CSEP 551: PMP Graduate Operating Systems,
CSEP551 is a graduate course on operating systems, and more broadly,
software computer systems in general. This course will cover a wide
array of research topics in systems, starting from historical
perspectives and ending with modern topics.
Prerequisities: the basic prerequisite is to have taken an
undergraduate operating systems course (CSE
451 or equivalent). If you haven't taken an undergrad OS course,
please come talk to Steve. We will not be covering
undergraduate material in this course.
Office hours: Tuesday 5pm-6pm, in CSE578, or by appointment.
TA: Owen Kim (ohechkay AT cs DOT washington DOT edu)
Office hours: by appointment (send email)
Lectures: Tuesdays, 6:30pm-9:20pm, in EEB 037.
Papers: you will be responsible for reading approximately three
papers before each class, and contributing your thoughts on each
assigned paper to the class discussion board before the class that
Assignments: every other week or so, I'll assign a
small, topically related programming assignment or design exercise
related to the topics we're covering.
Exam: near the end of the quarter, I'll hand out a take-home
final exam. The questions will test your understanding of the
material we cover in the reading and during lectures. You'll have a
few days to finish and turn in the final exam.
Mailing list: When you register for the course, you'll
automatically be added to the class mailing list
(firstname.lastname@example.org). This list will first be created on
Wednesday, January 4th. To manage your subscription after then, visit
list web page. You will be subscribed using your
u.washington.edu email address. But, you can modify your
subscription to use an email address of your choice. Note that you
can only post to the mailing list from your subscribed email address.
Here's the link to the class discussion board:
The discussion board has three areas:
Here's the schedule of papers for the
- Announcements. I'll cross-post any announcements on this
web page and the class discussion board.
- General course discussion. This is a great place for you
to post questions about papers, programming assignments or design
exercises, to look for a project partner, or anything else
- Paper discussions. For each lecture other than the
first, we will post a small set of discussion questions based on the
assigned papers. You're required to add a unique comment to the
discussion of one of the questions by noon on the day of the
class. (This is to give time for everyone to read the discussion
entries before class.) Note that the earlier you post, the easier it
is to be unique. Please keep your entries short: they can be
anything that provides insight into the question being asked. We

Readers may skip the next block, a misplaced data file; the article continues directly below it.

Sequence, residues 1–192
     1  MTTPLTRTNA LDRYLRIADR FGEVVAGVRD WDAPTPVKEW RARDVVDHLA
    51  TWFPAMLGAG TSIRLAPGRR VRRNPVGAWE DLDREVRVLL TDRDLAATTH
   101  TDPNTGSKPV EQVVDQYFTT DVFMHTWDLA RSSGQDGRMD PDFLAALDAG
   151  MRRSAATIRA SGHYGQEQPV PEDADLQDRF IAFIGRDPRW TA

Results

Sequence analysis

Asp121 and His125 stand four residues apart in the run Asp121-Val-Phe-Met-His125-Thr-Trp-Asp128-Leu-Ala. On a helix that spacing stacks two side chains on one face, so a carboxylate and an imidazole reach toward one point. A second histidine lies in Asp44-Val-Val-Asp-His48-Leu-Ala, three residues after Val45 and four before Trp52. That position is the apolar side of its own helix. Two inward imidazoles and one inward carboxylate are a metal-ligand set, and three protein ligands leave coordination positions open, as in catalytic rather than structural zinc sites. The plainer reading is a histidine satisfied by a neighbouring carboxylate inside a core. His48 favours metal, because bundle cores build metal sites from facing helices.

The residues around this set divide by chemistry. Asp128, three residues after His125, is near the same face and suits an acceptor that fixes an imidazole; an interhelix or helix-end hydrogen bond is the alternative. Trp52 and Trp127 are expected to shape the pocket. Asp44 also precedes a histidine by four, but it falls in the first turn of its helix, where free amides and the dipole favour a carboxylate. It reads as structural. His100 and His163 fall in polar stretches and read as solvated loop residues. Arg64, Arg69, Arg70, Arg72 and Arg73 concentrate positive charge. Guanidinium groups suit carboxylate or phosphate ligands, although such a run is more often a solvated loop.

will automatically grant two mulligans during the quarter.
I'll post papers about two weeks in advance of them being due. Note
that you're required to read assigned papers, but the optional
additional papers are just that: purely optioin, for your interest, if
you choose to go deeper on your own. Discussion board entries for the
assigned papers are due by noon on the day of the associated lecture.
Everybody registered for the course should already have had an
instructional UNIX account created for them by the department support
staff, and have been notified of it. Using this account, you can
remotely log into (via ssh) the attu.cs.washington.edu compute
cluster. You can find more information
about instructional resources here.
You should also be able to do the programming assignments on your
own personal machines; none of them require large or exceptionally
powerful machines. I'd recommend doing your work on Linux; I'd start
with a standard Linux Ubuntu distribution. Note that the department
virtual machine images available with the departmental linux
installation on them. You'll need to get ahold of VMware to use them.
A few rules of the road are worth mentioning. For design
questions, you should feel free to talk with each other about the
question and ideas that you come up with. You should not, however,
share your written answers with each other directly. If you do
discuss ideas with each other, please cite who you discussed
with in your turned in work. This is mostly so that you get in
the habit of properly attributing collaborations.
Similarly, you should feel free to talk with each other about the
programming assignments, and share ideas as you see fit. You can also
make use of Google or other resources. However, you must not share
code with each other, or rely on code you find else where, such as the
Web, to solve the programming assignment directly: you must implement
your own code to solve each programming assignment. Unless the
programming assignemnt specifies otherwise (and a few of them will),
tou can pick whatever programming environment or tools to build on
that you like -- e.g., you can make use of shells, interpreters, and
within reason, libraries or other building blocks that don't directly
solve the problem for you. As before, if you do discuss a programming
assignment with someone else or find useful sources of information
(e.g., code or technical descriptions on the Web), please cite or
otherwise attribute all of your sources.
- Assignment 1
out: Monday, January 9th, 2012
due: Monday, January 30th, 2012, by 5pm
- Assignment 2
out: Tuesday, February 7th, 2012
due: Monday, February 27th, 2012, by 11:45pm
- Assignment 3
out: Tuesday February 28th, 2012
due: Friday March 16th, 2012, by 11:45pm